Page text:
In other words, MRC is managing their land to increase what, in industry parlance, is called “stocking.” The timber industry has traditionally viewed forests in terms of "board feet," the unit of measurement that represents a forest's potential financial value in lumber. When the Fisher family purchased Louisiana Pacific's 232,500 acres of forestlands in Mendocino and Sonoma counties in 1998, the board foot volume of the heavily cut-over property averaged a paltry 10,000 per acre. By contrast, at the time of Euro American settlement, the board foot volume of the same forests averaged 125,000 to 150,000 per acre, according to estimates by biologists, with exceptional stands containing more than 1 million per acre (enough to build roughly fifty five-room houses).
Though MRC seeks to restore the forest to a “natural balance” of conifers to hardwoods, the company stops short of envisioning a return to a 'natural” level of carbon sequestration. The company's policy protects unharvested old growth stands, as well as old-growth trees in previously harvested stands. It also protects individual old-growth trees (hardwoods and conifers). It defines old-growth by girth (36-inch diameter for a Doug fir, for instance), age (established before 1800), and other structural characteristics. But based on these definitions, only 105 acres of MRC lands are currently off-limits to logging (just 0.046% of the Fishers' total holdings in the County).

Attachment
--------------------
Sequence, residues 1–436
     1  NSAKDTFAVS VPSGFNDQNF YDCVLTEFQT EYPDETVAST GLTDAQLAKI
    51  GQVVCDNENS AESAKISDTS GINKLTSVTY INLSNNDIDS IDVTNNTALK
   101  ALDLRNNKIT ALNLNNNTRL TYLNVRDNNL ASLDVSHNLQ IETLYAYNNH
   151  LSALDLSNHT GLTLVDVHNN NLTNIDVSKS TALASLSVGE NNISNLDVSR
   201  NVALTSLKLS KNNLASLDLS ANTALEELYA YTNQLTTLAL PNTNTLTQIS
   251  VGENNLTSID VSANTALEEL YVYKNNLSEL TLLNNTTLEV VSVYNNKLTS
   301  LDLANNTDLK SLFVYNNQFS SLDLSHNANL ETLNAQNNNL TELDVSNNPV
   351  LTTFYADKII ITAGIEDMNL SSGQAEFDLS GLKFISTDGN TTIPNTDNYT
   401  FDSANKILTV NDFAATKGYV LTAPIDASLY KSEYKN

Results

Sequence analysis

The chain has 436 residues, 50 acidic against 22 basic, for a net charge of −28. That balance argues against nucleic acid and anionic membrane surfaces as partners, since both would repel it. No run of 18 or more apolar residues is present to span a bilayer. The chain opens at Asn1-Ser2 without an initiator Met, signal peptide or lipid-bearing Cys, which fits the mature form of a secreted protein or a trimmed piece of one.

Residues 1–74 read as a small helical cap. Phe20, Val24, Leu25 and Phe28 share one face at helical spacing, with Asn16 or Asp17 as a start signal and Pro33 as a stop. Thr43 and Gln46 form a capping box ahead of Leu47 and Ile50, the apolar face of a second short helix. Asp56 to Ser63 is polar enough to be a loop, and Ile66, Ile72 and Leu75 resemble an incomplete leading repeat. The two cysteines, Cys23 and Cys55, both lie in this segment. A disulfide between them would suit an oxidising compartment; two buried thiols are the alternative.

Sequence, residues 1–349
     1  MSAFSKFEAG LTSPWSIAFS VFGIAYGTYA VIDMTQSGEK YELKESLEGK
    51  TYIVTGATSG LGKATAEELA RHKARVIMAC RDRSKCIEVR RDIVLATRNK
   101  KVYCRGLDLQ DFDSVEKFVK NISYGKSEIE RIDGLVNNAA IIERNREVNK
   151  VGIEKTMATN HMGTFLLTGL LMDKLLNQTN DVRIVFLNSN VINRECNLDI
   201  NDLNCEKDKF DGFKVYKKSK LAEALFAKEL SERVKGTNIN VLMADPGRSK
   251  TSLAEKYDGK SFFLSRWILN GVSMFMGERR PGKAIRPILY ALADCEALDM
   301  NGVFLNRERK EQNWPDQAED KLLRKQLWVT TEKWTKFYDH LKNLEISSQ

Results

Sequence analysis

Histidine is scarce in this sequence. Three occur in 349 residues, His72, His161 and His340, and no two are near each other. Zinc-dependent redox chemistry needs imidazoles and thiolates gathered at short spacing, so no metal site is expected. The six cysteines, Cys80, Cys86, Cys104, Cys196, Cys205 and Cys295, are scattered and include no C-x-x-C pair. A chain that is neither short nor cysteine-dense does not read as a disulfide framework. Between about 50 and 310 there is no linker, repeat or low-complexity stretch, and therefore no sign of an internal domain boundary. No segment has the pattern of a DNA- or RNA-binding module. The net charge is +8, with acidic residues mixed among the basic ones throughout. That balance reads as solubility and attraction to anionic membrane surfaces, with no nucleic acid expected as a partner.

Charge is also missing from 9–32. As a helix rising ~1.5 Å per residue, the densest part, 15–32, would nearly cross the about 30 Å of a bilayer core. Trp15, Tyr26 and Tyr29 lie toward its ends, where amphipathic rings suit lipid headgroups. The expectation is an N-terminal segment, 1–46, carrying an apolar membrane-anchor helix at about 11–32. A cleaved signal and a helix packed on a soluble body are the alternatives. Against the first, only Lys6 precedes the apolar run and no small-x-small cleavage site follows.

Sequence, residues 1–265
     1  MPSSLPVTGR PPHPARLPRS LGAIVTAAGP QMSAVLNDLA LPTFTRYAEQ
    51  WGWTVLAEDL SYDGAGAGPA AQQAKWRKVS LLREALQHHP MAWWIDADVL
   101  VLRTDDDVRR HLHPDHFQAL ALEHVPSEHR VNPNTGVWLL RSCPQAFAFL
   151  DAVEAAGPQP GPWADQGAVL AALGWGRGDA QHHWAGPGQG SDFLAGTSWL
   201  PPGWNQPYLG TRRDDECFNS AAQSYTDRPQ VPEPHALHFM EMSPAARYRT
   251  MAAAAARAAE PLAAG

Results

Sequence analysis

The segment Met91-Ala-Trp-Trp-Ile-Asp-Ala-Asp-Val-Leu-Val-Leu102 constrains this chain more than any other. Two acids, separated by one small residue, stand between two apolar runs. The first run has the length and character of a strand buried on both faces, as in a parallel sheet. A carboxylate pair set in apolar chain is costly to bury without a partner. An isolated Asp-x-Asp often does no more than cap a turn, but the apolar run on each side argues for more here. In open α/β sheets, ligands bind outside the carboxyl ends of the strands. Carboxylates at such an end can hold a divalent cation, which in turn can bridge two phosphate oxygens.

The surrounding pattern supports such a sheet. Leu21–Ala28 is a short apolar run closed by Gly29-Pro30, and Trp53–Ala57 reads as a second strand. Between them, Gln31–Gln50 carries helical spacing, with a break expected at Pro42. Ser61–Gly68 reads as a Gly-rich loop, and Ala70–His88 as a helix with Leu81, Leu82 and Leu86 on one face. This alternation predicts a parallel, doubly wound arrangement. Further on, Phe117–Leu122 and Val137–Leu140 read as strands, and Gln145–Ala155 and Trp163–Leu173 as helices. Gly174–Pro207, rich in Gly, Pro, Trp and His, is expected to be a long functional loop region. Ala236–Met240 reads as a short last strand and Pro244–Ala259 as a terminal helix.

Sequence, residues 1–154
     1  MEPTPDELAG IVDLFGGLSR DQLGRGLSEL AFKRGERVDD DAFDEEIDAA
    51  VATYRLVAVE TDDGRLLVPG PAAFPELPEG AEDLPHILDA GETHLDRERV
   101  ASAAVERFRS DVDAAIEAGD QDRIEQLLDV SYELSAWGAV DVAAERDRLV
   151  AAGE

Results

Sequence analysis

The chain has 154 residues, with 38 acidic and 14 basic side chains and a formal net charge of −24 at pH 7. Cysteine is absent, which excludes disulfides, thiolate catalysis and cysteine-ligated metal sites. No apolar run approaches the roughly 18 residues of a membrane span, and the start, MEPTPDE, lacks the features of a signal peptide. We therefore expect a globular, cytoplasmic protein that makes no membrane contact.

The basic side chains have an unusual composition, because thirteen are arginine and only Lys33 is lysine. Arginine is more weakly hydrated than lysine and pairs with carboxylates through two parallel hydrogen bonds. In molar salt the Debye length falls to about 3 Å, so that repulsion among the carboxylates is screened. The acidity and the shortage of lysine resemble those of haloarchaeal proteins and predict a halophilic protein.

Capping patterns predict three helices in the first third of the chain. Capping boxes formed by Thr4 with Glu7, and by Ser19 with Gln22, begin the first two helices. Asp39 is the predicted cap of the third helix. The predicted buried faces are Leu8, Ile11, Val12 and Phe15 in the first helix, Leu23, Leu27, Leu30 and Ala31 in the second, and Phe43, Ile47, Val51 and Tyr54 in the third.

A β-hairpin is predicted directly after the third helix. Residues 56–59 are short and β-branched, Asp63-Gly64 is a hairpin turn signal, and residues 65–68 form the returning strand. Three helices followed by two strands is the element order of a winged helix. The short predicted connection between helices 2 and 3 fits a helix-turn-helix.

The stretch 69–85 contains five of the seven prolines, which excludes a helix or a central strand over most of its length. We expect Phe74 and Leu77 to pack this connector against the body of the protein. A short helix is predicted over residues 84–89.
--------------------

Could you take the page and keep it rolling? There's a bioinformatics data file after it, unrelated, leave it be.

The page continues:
Individual old-growth trees are also off-limits. The vast majority of other big trees, though, are fair game.
‘Dispersing’ Spotted Owls To Get At Big Trees